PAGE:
You have worked hard for the assets you have acquired and the life you live, and you have also set money aside for your retirement. But, what if the unexpected happens and you suffer a catastrophic injury or develop a debilitating illness and cannot care for yourself for any length of time?
Who would care for you?
How would you pay for the care you need?
Long-term care insurance can pay for this care, when you need it, and where you choose to receive it. It can also allow you to keep your independence and spare your loved ones the financial and physical burden of having to care for you.
What Is Long-term Care?
Long-term care refers to a variety of services, including assisting with both the personal and health care needs of someone who is disabled or suffers from a chronic medical condition. This typically includes assisting the person with their medical needs, as well as, daily activities like bathing, dressing, toileting, meal preparation, feeding, and other personal tasks that they are unable to perform by themselves.
Who Needs Long-term Care?
While most people think long-term care is for seniors only, an accident or illness can result in you needing long-term care, regardless of your age. It is estimated that 60% of adults aged 65 years or older will need long-term care at one point or another in their lifetime. But, it has also been estimated that 40% of the people receiving care are between the ages of 18 and 64.
The Cost Of Long-term Care
The cost of long-term care varies depending on the type and extent of the services required. The cost can also vary widely depending on where the services are rendered. For example, the cost of an in-home caregiver is around $20/hour, or approximately $42,000/year, while the cost to stay in a private nursing facility is between $80,000 to $100,000 per year.
Paying For Long-term Care
Unfortunately, many Americans still believe that their private health insurance, Medicare, or Medicaid will cover long-term care when they need it. But, for many people, this is simply not true.
Private health insurance usually only pays for doctor’s visits and hospital bills. Medicare only pays for short term stays in a nursing home or rehabilitation facility. And, Medicaid will only pay for long-term care if you have very little income and few assets.
This means that if you need it, you will most likely have to pay for long-term care from your savings or retirement account and, given how expensive long-term care can be, those resources can be depleted very fast.
What Is Long term Care Insurance?
Long-term care insurance is a type of medical insurance that protects you from the tremendous financial drain that long-term care can be on your estate. Many types of long-term care insurance options are available depending on a variety of factors, including your age, location, health, and your specific needs.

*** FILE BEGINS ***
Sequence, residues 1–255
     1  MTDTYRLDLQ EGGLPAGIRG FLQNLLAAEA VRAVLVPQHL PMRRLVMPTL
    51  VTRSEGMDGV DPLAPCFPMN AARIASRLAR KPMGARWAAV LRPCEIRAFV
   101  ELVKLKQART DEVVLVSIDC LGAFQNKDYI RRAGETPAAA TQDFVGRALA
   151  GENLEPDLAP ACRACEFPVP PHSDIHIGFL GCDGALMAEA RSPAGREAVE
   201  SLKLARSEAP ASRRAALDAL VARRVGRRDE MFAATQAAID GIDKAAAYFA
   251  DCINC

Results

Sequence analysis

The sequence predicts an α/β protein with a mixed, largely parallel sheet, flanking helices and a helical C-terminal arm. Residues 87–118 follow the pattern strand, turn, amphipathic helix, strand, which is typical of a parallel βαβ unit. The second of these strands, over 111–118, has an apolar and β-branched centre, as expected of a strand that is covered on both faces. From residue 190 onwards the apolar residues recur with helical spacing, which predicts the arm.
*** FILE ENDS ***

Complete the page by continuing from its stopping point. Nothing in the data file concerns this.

Who Purchases Long-term Care Insurance?
Most long-term care insurance policies are purchased by people for themselves. These individuals are typically approaching retirement and want to protect their assets and inheritance and to avoid being a burden on their families.
Other individuals purchase long-term care insurance for their parents. These are often people who are raising families and paying all of the related costs for their own children, as well as, taking care of a parent or aging loved one who may need long-term care in the future.
When And Where Should You Purchase Long-term Care Insurance?
If you are thinking about purchasing long-term care insurance, don’t wait too long. The best time to buy long-term care insurance is during your 40s or 50s, when you are still in good health and, consequently, the premiums are more affordable.
You may be able to purchase long-term care insurance through your employer, an association, a membership group, or an insurance agent. Or because everyone’s needs are different, you can sit down with an experienced estate planning attorney who can help you devise a plan that works best for your needs and budget.
Learn More About Long-term Care Insurance
You have dreams of living a full life. Don’t risk losing it all to the cost of long-term care. Purchasing long-term insurance can be an excellent way to protect your nest egg and retirement funds from being depleted by the cost of long-term care should you need it.
To learn more about long-term care insurance and to explore other long-term care planning solutions, consult with an experienced estate planning attorney.
Consult with an Experienced Estate Planning Attorney
When drafting a trust, you should always enlist the assistance of a qualified estate planning attorney. An experienced estate planning attorney can help you avoid many of the problems that can render your trust ineffective or useless. For more information, contact us or sign up below for one of our events.